‘The Cherry Orchard’ offers laughter through tears
Oct. 8, 2010

When the audience sees the set for Theater Department’s production of “The Cherry Orchard,” they will notice something missing – walls. And that is an important part of the design and direction of the show, said Tracy Riggs, director.

“This will not be what people typically think of when it comes to Anton Chekhov and Russian plays,” said Riggs, Adjunct Professor of Theater Arts. “This is not a dreary show at all – in fact, Chekhov wrote it as a comedy. And that’s why we wanted the set to have a sense of airiness and openness.”

“The Cherry Orchard” was Chekhov’s last play, and it differed from his earlier works, she said.

“As Chekhov neared death, he softened a bit,” she said. “He called this play a comedy, although the director at the time produced it as a tragedy. I understand what Chekhov meant. It’s the whole ‘laughter through tears’ thing. You take a horrible situation and the only way to get through it is to find the humor, the lightness, in it. That’s what makes this play so interesting.”

The 16-member cast includes six seniors – five are veterans on the Price stage, while one is making her acting debut.

Kelsey Tinker, a senior religion major, decided to audition for the show to fulfill a dream.

“I have a bucket list and auditioning for a play was on it,” she said. “It was my very first audition and I thought I did awful, but I got a small part. It’s been a great experience.”

Tinker said she didn’t know what to expect coming into rehearsals, but was grateful for the welcome she received.

“Everyone has been so nice,” she said. “And I never knew how much work goes into putting on a show.”

“The Cherry Orchard” takes place in Russia during the turn of the 20th century. The grand dame Ranevskaya is returning to her family home after living in Paris for five years, following the death of her husband and the drowning of her young son. She has returned to the estate as it and its well-known cherry orchard are being sold.

Mary Duttweiler has the pivotal role of Ranevskaya.

“She is learning how to move past grief,” Duttweiler said. “She is transformed from a woman to a woman who was unable to deal with her grief and who fled responsibility understands herself more and reconnects with those family members she completely abandoned when she moved to Paris. It’s interesting to try to find her highs and lows, and the moments when she makes those transitions.”

Anna Carroll Sims has a different challenge in her role as Anya, the 17-year-old daughter.
“She is coming into her own, growing into adulthood but still being treated as the baby of the family,” she said. “Anya is the one who brought her mother home, and she’s much stronger than she appears. The hard part has been to find a way to play a 17-year-old without making her seem too young.”
Ashley Betsill makes some alterations to Jenny Crawford’s costume.

Ashley Betsill makes some alterations to Jenny Crawford’s costume.

Jenny Crawford appears as Varya – Ranevskaya’s 22-year-old adopted daughter.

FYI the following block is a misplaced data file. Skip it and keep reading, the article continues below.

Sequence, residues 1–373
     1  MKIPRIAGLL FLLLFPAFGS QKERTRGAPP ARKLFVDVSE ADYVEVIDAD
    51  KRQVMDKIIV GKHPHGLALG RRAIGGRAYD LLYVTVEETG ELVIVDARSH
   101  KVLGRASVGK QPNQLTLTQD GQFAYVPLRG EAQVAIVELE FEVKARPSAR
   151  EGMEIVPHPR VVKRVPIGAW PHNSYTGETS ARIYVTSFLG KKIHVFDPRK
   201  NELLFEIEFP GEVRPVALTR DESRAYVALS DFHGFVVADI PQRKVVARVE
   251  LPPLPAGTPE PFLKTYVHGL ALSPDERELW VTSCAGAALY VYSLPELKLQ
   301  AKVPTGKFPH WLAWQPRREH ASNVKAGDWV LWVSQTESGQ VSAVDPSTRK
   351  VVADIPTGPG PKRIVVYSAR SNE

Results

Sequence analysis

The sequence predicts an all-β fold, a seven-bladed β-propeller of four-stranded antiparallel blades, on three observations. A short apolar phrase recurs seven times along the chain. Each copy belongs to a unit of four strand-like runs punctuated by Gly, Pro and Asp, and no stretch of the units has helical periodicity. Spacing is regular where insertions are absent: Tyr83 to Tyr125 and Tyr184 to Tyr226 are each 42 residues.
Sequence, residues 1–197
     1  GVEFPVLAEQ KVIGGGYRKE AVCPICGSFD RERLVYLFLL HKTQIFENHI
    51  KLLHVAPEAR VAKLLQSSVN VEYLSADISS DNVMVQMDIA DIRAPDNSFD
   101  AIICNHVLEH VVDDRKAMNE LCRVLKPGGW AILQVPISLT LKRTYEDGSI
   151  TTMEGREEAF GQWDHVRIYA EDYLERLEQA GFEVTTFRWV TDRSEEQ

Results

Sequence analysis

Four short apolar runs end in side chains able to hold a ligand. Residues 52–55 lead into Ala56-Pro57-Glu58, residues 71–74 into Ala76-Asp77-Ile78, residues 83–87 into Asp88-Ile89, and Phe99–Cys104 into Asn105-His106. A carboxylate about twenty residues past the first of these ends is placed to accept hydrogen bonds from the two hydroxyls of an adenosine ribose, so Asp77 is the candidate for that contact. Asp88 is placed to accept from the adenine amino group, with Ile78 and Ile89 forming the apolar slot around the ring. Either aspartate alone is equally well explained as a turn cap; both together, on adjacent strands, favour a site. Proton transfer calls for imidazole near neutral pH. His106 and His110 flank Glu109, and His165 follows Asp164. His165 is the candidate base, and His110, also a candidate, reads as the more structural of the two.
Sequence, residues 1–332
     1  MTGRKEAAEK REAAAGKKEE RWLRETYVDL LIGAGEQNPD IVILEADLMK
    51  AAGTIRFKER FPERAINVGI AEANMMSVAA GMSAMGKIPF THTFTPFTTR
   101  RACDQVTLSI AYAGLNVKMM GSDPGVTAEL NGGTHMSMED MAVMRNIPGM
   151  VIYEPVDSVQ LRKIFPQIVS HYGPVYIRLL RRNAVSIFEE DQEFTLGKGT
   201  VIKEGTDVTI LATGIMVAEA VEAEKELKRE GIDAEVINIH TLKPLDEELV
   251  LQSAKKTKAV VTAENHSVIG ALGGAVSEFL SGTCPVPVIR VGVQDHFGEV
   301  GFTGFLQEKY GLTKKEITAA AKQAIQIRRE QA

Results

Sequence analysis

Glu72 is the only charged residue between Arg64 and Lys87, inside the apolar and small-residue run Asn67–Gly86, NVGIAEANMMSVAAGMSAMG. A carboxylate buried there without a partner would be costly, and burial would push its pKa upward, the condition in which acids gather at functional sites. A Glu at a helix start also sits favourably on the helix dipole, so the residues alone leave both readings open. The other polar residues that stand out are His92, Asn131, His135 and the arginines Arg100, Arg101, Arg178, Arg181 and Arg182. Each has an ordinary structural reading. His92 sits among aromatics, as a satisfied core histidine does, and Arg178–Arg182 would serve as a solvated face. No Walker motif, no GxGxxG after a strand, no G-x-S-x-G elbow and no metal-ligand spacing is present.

“Her job is to keep everyone in check and to run the house,” Crawford said. “She stayed behind when her mother and sister moved to Paris. She is a very complex character with complex emotions. One minute she is crying and screaming at people, and then she is happy. She’s fun to play.”

Playing the clown of the show, Kenny Wiley is Yephikhodov, a clumsy household clerk.

“Yephikhodov is in desperate need of approval, especially from Dunyasha, a servant who tries to act like a lady,” he said. “He has difficulty expressing himself. He will talk and talk and not make sense, and then he will try to laugh it off.”

Demetrice Tuttle is appearing in his last LC production as Gaev, Ranesvskaya’s brother who has been living with the family.

“He’s not connected with the real world,” Tuttle said. “He lives and breathes in the past, and loves to talk. He is obsessed with the finer things in life. He’s never worked a day in his life, but the cherry orchard symbolizes the good life and the glories of the past to him.”

Tuttle first appeared on the Price Theater stage in “She Loves Me” during fall of his freshman year. He said “Cherry Orchard” is special because it brings his theater experience full circle.

“My very first time on stage was in ‘Brighton Beach Memoirs’ (for the Lafayette Theater Company) and I was directed by Tracy Riggs,” he said. “And now, she is directing me in my final Price show. I am very grateful for everything she has done for me.”

Bringing the characters of “The Cherry Orchard” to life has been a joy, Riggs said.

“I love Chekhov,” she said. “He takes his characters to the edge, creating complex and interesting people. They are funny, endearing and sad, but they are all figuring out how to make it. Just like the rest of us.”

The box office opens Monday and will be open from noon to 4 p.m. every weekday. Tickets are $10 for adults and $7 for senior citizens and students. College students, faculty and staff are admitted free. For more information or to purchase tickets, call the box office at (706) 880-8080.

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